As my reader will know, I'm spending as much time as I can nowadays at the seaside in Tywyn (Merioneth) and one of the things I notice when visiting Wales (it's the same in Scotland) is the preponderance of the national flag when compared with those flown in England, where we only tend to see the appearance of the English flag when there is the usual run of International football matches on the goggle box (and the odd one appearing on or around St.George's Day) and even then, for some inexplicable reason, it appears to be necessary that the actual word "England" is emblazoned upon the flag; possibly as a safeguard to ensure that it is identifiable as our national flag because we see so little of it.
When we drove down (or should that be across?) to Tywyn last weekend our route was noticeably strewn with Y Ddraig Goch, the national flag of Wales; it was the week of the National Eisteddfod which is the largest cultural event of its kind in Europe and takes place annually during the first week of August. This year it's being held in Meifod, Montgomeryshire, between 1-8 August.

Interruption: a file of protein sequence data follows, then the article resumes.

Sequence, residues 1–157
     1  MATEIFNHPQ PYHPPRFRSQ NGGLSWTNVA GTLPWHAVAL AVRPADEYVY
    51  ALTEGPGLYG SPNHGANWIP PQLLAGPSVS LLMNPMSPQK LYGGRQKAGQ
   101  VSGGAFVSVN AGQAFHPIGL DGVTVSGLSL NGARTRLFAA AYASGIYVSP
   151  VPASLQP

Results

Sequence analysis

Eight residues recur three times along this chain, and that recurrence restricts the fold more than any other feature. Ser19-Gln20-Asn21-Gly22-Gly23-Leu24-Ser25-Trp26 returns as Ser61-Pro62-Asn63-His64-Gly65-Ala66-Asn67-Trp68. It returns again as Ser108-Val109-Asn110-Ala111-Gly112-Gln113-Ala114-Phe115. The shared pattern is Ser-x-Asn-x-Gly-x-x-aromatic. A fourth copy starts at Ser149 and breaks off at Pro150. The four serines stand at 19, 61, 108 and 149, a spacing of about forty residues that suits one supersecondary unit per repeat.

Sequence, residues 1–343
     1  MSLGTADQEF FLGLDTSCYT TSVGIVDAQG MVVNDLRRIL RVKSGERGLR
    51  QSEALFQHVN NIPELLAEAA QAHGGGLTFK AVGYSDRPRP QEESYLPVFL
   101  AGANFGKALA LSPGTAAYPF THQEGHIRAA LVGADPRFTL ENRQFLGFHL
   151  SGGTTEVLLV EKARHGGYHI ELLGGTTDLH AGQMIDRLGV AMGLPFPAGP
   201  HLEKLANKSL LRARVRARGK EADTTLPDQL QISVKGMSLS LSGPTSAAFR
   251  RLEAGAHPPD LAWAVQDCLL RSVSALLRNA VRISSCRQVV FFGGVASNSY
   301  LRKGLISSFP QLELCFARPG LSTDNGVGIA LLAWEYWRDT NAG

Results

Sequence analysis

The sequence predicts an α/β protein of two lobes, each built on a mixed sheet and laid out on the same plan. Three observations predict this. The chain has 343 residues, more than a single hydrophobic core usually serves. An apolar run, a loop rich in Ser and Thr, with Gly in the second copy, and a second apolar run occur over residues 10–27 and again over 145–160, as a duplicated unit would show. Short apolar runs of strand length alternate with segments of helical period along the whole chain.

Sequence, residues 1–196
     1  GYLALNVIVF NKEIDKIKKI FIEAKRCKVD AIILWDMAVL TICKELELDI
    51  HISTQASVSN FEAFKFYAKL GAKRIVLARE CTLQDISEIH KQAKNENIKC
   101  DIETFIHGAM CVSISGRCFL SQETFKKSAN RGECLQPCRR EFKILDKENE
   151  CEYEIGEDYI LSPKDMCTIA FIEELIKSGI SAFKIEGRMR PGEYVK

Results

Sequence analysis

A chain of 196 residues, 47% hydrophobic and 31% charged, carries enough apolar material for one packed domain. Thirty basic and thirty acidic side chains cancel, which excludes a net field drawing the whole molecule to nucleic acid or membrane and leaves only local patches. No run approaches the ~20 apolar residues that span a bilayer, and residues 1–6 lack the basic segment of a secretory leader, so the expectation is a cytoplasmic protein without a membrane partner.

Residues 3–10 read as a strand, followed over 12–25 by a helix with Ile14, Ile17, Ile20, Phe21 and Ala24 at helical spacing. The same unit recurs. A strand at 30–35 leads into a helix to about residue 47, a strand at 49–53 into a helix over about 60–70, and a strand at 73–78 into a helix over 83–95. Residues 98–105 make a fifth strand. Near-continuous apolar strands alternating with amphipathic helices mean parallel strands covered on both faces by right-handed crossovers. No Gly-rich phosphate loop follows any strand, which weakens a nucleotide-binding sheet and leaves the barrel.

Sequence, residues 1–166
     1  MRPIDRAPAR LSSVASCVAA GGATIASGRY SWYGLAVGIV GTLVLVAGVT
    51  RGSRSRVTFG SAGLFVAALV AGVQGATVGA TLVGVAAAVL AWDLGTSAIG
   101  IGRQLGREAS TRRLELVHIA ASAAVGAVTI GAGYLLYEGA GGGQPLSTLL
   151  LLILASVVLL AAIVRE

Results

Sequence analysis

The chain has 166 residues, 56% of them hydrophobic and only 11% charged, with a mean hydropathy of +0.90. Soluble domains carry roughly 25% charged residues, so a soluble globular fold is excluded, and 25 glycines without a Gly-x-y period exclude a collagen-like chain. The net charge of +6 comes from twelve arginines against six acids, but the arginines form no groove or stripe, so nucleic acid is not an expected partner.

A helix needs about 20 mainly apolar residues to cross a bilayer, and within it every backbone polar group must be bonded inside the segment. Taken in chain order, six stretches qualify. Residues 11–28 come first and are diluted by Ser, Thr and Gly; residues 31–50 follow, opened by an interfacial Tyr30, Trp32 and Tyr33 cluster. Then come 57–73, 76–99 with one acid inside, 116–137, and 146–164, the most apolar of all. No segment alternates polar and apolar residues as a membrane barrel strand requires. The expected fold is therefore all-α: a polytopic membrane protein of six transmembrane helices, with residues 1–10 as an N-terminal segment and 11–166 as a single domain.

The Welsh are not shy when it comes to flying their national flag and seeing all of those flags on our journey reminded me of the row over the replacement of the Welsh flag with one designed to represent the town of Tywyn by the Tywyn Tourist Organisation. I remember thinking at the time that at least they were flying a flag which is more than can be said for the majority of English towns.
While on the subject of flags, of which Tywyn should be commended, the Parish Church of Saint Cadfan, Tywyn, which contains the oldest known example of written Welsh, often flies the flag of Merioneth at the same time as the National flag of Wales.
Whether it's a "weird concoction" or a national flag is, perhaps, somewhat irrelevant, the important thing is that at least there is a flag and it's being flown. Others could learn a lesson from such proud displays.
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